After I was away from my mum everything hit me.My anxiety increased a lot. Getting out of bed some days was impossible. I began to care less and less about everything. I wouldn’t talk to anyone and if someone was to ask if I was okay I instantly burst into tears. School had always been an escape but now it felt like a challenge. I started to hate school. Teachers and classmates constantly joked about how they were an alcoholic and I’d force a smile meanwhile a million images of a drunken mum swarmed my mind. Lessons revolving the topic of alcohol would set of panic attacks and I would leave the lesson in floods of tears. Everyone talked about prom and how their mum was helping them get ready. I began to miss days of school every week due to the fear that something about alcohol would come up. Social anxiety made me feel sick with fear during lessons especially Pe. I felt like I wasn’t good enough and that I constantly embarrassed myself. There were times were my mind was completely shut off and I felt so down that I would sit in lessons and the entire time I would stare at the desk or out the window. I would try to signal to teachers anyway i could that  something was wrong but no one noticed. I couldn’t ask for help with work because i was so scared and intimidated of authority figures. These are still my main fears for going back to school in September.

To this day things are still rough.  The memories and feelings are still strong and with me on a daily basis which is hard and tiring. Mum is still the same and tries to contact me which frustrates me. I don’t miss my mum but I wish I had a motherly figure. As much as I’d like to talk about how I’m feeling face to face with someone i find it very difficult and overwhelming and I’m very wary of people and find it difficult to trust them. There are many things I still have to overcome. Anxiety is the main one. I don’t leave the house much and if I do it causes panic. Interacting with teachers and other adults I still find intimidating and struggle to make eye contact with as well as people my own age. Anger is still with me daily mainly due to my mums mistreatment of other’s ,still including me, which results in unhealthy coping techniques. I don’t think I could have a relationship with my mum even if she does stop drinking because I don’t think I could ever trust her again or not be afraid living with her. A mum is supposed to be your best friend but mine put alcohol before me and that is something I will never forget.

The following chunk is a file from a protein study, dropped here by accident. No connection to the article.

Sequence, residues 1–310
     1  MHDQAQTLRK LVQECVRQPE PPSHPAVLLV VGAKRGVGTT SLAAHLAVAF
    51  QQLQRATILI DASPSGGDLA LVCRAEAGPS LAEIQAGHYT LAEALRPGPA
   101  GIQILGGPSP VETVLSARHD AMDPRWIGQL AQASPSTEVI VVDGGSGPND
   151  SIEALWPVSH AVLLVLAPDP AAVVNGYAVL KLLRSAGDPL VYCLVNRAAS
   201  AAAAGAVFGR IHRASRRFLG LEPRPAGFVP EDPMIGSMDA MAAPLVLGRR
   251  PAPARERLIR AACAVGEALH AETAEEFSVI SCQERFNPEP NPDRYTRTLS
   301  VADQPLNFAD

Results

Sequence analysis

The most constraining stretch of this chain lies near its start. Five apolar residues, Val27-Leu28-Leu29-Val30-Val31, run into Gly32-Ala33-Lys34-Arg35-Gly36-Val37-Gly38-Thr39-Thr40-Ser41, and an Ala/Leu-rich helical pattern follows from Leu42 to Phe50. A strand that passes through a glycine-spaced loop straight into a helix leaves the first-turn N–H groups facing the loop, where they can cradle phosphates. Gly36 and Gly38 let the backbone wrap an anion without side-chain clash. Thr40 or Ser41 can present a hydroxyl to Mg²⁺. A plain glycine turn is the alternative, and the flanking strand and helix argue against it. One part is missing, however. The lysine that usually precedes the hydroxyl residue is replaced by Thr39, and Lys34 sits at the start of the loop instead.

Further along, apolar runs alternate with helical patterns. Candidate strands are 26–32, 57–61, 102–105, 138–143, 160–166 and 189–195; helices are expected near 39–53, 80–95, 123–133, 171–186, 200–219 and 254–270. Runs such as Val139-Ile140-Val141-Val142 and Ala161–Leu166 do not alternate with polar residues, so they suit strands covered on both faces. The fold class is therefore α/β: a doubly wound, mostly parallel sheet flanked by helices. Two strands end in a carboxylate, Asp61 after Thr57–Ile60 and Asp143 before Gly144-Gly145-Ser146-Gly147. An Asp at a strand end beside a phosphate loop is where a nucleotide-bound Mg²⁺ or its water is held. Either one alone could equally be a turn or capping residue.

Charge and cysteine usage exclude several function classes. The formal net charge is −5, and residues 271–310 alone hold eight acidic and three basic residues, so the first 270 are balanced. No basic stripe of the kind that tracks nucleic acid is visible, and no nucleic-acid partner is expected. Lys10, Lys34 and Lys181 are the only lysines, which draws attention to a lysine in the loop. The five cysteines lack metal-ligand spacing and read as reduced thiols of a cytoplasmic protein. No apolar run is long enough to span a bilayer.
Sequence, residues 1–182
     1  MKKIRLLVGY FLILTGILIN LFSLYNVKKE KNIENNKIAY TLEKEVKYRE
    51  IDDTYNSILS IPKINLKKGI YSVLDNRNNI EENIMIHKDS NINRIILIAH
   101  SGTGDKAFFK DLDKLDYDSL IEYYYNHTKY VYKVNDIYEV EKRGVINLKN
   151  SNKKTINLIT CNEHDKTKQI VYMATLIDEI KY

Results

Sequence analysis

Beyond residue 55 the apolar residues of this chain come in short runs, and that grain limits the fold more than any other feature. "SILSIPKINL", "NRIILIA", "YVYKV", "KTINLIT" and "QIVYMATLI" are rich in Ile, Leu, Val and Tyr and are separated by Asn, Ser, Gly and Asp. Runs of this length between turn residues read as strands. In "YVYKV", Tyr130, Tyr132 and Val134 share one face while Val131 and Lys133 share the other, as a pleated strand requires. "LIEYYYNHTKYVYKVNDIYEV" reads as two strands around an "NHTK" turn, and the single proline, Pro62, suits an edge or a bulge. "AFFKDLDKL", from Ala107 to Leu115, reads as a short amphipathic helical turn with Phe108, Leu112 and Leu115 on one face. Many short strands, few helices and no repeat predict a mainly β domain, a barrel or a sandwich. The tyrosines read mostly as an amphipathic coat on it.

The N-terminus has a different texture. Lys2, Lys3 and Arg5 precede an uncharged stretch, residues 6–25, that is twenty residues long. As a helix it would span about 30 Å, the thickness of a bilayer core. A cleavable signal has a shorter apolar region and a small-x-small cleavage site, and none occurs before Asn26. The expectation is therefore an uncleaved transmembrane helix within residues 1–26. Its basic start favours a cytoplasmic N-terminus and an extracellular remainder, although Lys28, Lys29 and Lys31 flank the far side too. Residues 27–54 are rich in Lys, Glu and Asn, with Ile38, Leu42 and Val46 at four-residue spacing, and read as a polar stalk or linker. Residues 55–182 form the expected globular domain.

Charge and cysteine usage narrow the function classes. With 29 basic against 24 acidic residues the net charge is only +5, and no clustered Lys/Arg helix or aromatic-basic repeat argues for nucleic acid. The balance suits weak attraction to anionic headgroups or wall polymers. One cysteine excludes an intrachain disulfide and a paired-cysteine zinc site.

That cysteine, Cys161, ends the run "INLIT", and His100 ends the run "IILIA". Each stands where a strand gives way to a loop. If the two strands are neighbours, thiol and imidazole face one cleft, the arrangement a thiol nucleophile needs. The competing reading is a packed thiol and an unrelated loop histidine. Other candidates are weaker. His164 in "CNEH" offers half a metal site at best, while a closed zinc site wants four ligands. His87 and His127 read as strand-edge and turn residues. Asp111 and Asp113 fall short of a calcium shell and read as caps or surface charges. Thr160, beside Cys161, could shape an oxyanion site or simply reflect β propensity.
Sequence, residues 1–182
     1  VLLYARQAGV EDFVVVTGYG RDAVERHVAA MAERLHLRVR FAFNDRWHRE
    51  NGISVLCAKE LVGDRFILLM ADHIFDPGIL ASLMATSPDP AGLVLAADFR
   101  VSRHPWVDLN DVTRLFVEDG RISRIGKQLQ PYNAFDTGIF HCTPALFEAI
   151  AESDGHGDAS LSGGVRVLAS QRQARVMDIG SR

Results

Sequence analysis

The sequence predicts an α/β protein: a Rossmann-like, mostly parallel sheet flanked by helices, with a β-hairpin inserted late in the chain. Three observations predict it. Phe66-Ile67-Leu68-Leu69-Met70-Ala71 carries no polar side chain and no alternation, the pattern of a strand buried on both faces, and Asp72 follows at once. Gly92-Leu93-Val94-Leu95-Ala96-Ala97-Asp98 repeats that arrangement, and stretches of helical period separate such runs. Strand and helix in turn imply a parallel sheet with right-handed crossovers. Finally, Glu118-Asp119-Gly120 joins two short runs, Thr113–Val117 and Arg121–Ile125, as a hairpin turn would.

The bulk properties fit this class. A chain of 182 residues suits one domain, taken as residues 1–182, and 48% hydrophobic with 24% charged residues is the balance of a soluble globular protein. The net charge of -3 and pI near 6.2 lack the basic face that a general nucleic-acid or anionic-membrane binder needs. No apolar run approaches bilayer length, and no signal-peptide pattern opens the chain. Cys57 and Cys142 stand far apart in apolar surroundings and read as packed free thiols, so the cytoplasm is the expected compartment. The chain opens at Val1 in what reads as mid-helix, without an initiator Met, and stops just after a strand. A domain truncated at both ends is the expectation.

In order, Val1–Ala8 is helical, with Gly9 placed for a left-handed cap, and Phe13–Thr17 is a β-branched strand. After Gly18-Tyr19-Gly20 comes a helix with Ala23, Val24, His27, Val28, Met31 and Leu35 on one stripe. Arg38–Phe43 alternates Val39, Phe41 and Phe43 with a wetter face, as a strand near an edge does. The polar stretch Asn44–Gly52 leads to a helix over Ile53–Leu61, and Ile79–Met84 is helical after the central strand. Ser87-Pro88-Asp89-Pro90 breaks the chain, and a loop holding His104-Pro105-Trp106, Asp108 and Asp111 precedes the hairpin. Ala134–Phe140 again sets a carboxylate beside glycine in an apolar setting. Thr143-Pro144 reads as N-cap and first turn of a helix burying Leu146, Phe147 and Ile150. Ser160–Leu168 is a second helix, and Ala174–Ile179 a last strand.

3 Comments Add yours

  1. Anon says:

    This sounds just like the life I lived through from the age of 11 just with added suicide attempts…. 😔 I find it hard still to think of my teenage years when I was living with it day in and day out…its comforting to know I wasn’t the only one going through the trauma..

    Liked by 1 person

  2. The title of this post made me say to myself ‘me too’, and I can relate with a lot of this – my mum put alcohol before me too, and continues to do so. I’m 36 now but the effects of a parent’s drinking, even when you’ve escaped the home where it happened and despite having had counselling, never really go away. I still suffer with anxiety and can relate to the feeling mentioned above of being embarrassed of myself all the time despite there being absolutely no reason to feel that way. I also felt scared of authority figures and still do to some degree – relationships with managers are difficult for me at work and I struggle at things like job interviews as I go in there a nervous wreck before it’s even begun. I too miss a motherly figure in my life, and whilst I had my grandma when I was younger I don’t think she knew what was happening at home. I find it hard to trust people and have no close friends as I won’t let anyone in for the fear they’ll hurt or disappoint me, or make demands of me or my time. It’s a tough way to live and if I let myself dwell on the effects that my mum’s drinking has had on me then I do start to get angry. The fact is that I can’t change any of that now, but what I can do is look after myself. ACOAs spend so much time feeling responsible for the alcoholics in our lives that we forget to take care of ourselves – it makes us feel guilty! But that’s just what we’ve learned growing up and we need to challenge those thoughts and feeling because they’re wrong. We are NOT responsible for the alcoholic and no matter how guilty it makes us feel, we have to put ourselves first. It’s horrible being a teenager, stuck in a house with an alcoholic parent that you can’t escape. I just want say to the person who so bravely posted this, THINGS WILL GET BETTER! I know it won’t feel like it now but I and many other ACOAs are proof that you will get through this. Stay strong and keep looking forwards (my favourite saying ever: ‘don’t look back; you’re not going that way’.)

    Liked by 1 person

  3. Anon says:

    My mother was addicted to prescription meds. I so relate to the original poster. I was afraid to take friends home, I dreaded my mum coming into contact with my friends parents or my teachers. I never knew what I would find when I got in from school. The biggest effect was on her mood. I was scared of her.

    Liked by 1 person